Richard McManus and colleagues present a set of predictions for our industry in 2007. Great list. Here are ten of mine, in no particular order.
(1) Google will not be displaced by, or lose significant market share to, other search engines. People who try to understand Google in business terms are missing the point of Google's success, which is rooted in psychology and culture. Google has taken a probabilistic system, at which the human mind should naturally recoil, and painted it as a definitive source of authority. As I've said before, for me Chris Anderson's greatest contribution to the debate is not his Long Tail theory but his articulation of the nature of Google's success - Google's is perhaps the most important, successful and ultimately misleading piece of branding ever achieved.
(2) Widgetisation will indeed continue apace, and we will abandon the page view (Micropersuasion) towards the end of the year as meaningless. (I must confess that when I first saw Ivan Pope talk about Snipperoo I had no idea what he was on about, and as time goes on his idea looks more and more brilliant.)
(3) At least one country or territory (I won't guess which one) will see a mass adoption of the Fon (or equivalent) distributed wifi model, and all of the incumbent mobile telecoms providers in that territory will effectively fold. (Yes, they might reinvent themselves or be bought out or something, but their current business model and raison d'etre will be gone.) Much as social networking has transpired to be surprisingly unglobal - CyWorld wins South Korea, MySpace the US, Orkut Brazil, Bebo Ireland, Skyblogs France etc - the technology will tip somewhere and mobile connectivity will move from the centre to the edge, utterly displacing the business models of the current providers of mobile connectivity.
(HT: Shane Richmond for pointing out the Fon model.)
(4) Someone will crack the problem of inter-operable avatars, and produce an avatar or avatar protocol that is transferable between multiple virtual worlds.
(5) Someone else will launch a stock exchange for companies operating within virtual environments (which, alas, they won't be able to call VirtEx because there's already an exchange called that).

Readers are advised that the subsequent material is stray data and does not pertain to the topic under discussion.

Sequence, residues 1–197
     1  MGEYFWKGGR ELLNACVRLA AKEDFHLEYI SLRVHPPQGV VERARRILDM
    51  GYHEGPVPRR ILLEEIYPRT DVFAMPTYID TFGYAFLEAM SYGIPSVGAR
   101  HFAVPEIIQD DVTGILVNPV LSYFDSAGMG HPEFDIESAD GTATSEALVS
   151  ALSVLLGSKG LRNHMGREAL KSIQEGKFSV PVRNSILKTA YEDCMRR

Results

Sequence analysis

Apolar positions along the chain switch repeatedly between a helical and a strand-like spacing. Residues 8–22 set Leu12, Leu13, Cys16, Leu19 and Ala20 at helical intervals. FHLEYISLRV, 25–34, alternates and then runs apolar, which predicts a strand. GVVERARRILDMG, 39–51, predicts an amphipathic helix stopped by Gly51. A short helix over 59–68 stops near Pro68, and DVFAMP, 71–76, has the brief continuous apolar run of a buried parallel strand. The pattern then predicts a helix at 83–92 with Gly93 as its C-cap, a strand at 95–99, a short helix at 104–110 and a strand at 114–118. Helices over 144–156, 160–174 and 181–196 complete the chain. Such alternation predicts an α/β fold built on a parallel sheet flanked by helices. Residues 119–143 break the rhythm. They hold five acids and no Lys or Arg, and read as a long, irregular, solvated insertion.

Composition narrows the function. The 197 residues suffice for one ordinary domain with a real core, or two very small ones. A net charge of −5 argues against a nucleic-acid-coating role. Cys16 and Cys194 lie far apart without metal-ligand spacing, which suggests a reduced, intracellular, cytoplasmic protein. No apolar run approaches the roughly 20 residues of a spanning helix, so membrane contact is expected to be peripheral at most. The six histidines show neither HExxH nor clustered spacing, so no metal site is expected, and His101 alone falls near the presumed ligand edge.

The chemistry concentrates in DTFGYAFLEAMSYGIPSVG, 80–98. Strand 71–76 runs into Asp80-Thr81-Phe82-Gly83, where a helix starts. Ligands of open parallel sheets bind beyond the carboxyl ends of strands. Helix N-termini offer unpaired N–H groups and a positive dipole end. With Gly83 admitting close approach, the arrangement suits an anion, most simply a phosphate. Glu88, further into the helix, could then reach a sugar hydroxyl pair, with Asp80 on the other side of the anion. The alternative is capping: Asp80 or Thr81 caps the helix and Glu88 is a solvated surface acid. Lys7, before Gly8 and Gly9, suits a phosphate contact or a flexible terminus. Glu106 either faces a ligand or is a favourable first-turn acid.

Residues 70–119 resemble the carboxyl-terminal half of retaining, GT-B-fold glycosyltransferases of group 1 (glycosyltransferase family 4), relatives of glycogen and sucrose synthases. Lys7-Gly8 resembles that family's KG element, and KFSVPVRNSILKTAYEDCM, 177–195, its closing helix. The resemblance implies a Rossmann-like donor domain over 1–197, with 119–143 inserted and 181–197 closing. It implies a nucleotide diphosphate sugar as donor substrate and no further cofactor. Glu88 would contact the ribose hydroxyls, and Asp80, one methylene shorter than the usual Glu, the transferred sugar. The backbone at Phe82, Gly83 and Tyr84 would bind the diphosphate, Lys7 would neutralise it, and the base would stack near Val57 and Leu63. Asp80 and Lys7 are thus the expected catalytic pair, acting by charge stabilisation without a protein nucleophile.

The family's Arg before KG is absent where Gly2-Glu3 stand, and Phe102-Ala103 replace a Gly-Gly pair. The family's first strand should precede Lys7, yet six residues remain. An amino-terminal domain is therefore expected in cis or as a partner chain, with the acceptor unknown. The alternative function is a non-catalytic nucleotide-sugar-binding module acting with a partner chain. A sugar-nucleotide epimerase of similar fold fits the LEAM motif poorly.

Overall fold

(6) Perhaps - and I'm not sure this will happen before 2008, but let's speculate - 2007 will see the launch of a persistent, virtual, locative gameworld that overlays the corporeal world and scales beyond anything we've seen so far from e.g. Second Life or World of Warcraft. Probably by Microsoft, but there's a slight chance of Google getting there first.
(7) A national newspaper, probably in the UK but possibly in Europe or Japan, will stop charging a cover price. The Sun is already heading towards a tactical free model in some areas; free commuter papers are growing everywhere; someone will decide that scaling up to capture share of ad revenue is more important than charging a cover price.
(8) MySpace will become a major source of media content, launching multiple vertical subsites and magazines (fashion, sports, current affairs, politics, autos) powered by the tagged posts of MySpace users, and some of those vertical sites will almost immediately move to dominate their category.
(9) Someone will concoct a nuisance lawsuit in an effort to shut down Craigslist because, frankly, their not-in-it-for-the-money model scares the living hell out of people who are just in it for the money. Look at the New York Times investors trying to fight the Sulzbergers; look at the Wall Street reaction to Jim Buckmaster's honest statement (Forbes) that maximising revenues is not part of the Craigslist plan. The guys who are in it for the money, and hate and fear anyone who's not, are going to come gunning in 2007.
(10) Microsoft will bite the bullet and buy Yahoo!, and probably AOL as well.